RSS feeds and Pasties

DeviantArt is becoming more integrable with blogs through the use of RSS feeds and "Pasties". These features allow a user to post content on their blog(s) that will update as they submit new deviations to DeviantArt. Pasties can be modified to show a user's favourites, recent submissions, a particular category of artwork, and more. RSS also allows anyone to subscribe to gallery feeds so they can be notified when their favorite artists submit new deviations.

Growth

On November 14, 2006, DeviantArt gave its users the option to submit their works under Creative Commons licenses giving the artists the right to choose how their works can be used.cite web|url=http://news.deviantART.com/article/23753/ |title=News: New Submission Process...LIVE! |accessdate=2007-12-21]

On September 30, 2007, a film category was added to DeviantArt, allowing artists to upload videos. An artist and other viewers can add annotations to sections of the film, giving comments or critiques to the artist about a particular moment in the film.cite web|url=http://news.deviantART.com/article/34930/ |title=News: Now Playing: DeviantART Film! |accessdate=2007-12-21]

Versions

DeviantArt has been revising the site in versions, releasing multiple features at once. After version 2, versions were released on the date of site's birthday, August 7, excluding Version 6.

Version 2, released on February 5, 2002. In version 2, browsing was made easier.cite web|url=http://news.deviantART.com/article/6581/ | title=News: OMG OMG OMG | date=2002-02-05 | accessdate=2007-12-26]

Version 3, released on August 7, 2003.cite web|url=http://news.deviantART.com/article/10692/ |title=News: DeviantART Passes The Terrible Twos, Turns Three! |accessdate=2007-12-21]

Version 4, released on August 7, 2004. In version 4, the chat client called dAmn was added to the site.

Version 5 was released on August 7, 2006.cite web|url=http://spyed.deviantART.com/journal/9639361/ |title=Spyed's DeviantART Journal: DeviantART v5 Release Notes |author=Angelo Sotira|accessdate=2007-12-21] In version 5, each deviant has a Prints account, through which they may sell prints of their works for money, receiving 20% of the profits. Users can also obtain Premium Prints Account offering 50% of the profits and an immediate check of material submitted for sales. Before version 5 of DeviantArt, users did not have by default access to this service and it had to be obtained separately. By paying for a subscription, a deviant could also sell their work for 50% of each sale.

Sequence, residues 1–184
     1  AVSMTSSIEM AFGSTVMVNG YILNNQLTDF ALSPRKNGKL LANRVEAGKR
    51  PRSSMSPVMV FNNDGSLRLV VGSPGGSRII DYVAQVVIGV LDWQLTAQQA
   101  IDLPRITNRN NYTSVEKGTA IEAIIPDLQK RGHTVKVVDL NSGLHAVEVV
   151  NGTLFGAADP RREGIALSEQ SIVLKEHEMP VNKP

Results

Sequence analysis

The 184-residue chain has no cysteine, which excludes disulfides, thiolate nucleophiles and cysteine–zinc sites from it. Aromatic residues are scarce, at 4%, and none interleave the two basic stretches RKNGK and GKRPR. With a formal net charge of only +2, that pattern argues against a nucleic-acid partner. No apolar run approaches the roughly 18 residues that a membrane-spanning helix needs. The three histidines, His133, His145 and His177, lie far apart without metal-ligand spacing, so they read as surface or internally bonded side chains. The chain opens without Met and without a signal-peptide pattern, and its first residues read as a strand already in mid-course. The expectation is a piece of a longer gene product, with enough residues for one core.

Version 6, released on July 10, 2008. In this revision, the message center, front page and footer were revamped. Users are now able to customize the deviantART navigation toolbar. The design style of the site was slightly modified as well.cite web | url=http://news.deviantART.com/article/52608/ | title=News: deviantART Version 6 | accessdate=2008-07-10 | author=deviantART, Inc]

User symbols

All deviants on DeviantArt are referred to by their given username, which is preceded by a user symbol. The symbols are listed below. (Note that some of the symbols listed below are no longer in use.)cite web|url=http://help.deviantART.com/106/ |title=FAQ #106: What are the symbols in front of each deviants nickname? on DeviantART Help and FAQ |accessdate=2007-12-21]

DeviantArt Summit

On June 17 and June 18, 2005, DeviantArt held their first convention, the DeviantArt Summit, at the Palladium in Hollywood, California. The consisted of several exhibitions by numerous artists, including artscene groups old and new at about 200 different booths. Giant projection screens displayed artwork as it was being submitted live to DeviantArt, which receives 50,000 new images daily. The summit also hosted various art-related workshops and seminars.cite web|url=http://news.deviantART.com/article/16992/ |title=News: The 2005 DeviantART Summit |accessdate=2007-12-21]

Leaders of DeviantArt had hoped to hold a new summit each year; however, no plans were ever made for a 2006 Summit. This may be due to lack of interest, money, or inability to find a location. It should be noted that despite a big turn out, only a tiny percentage of the DeviantArt population actually attended the summit. No official plans regarding future summits have been announced yet.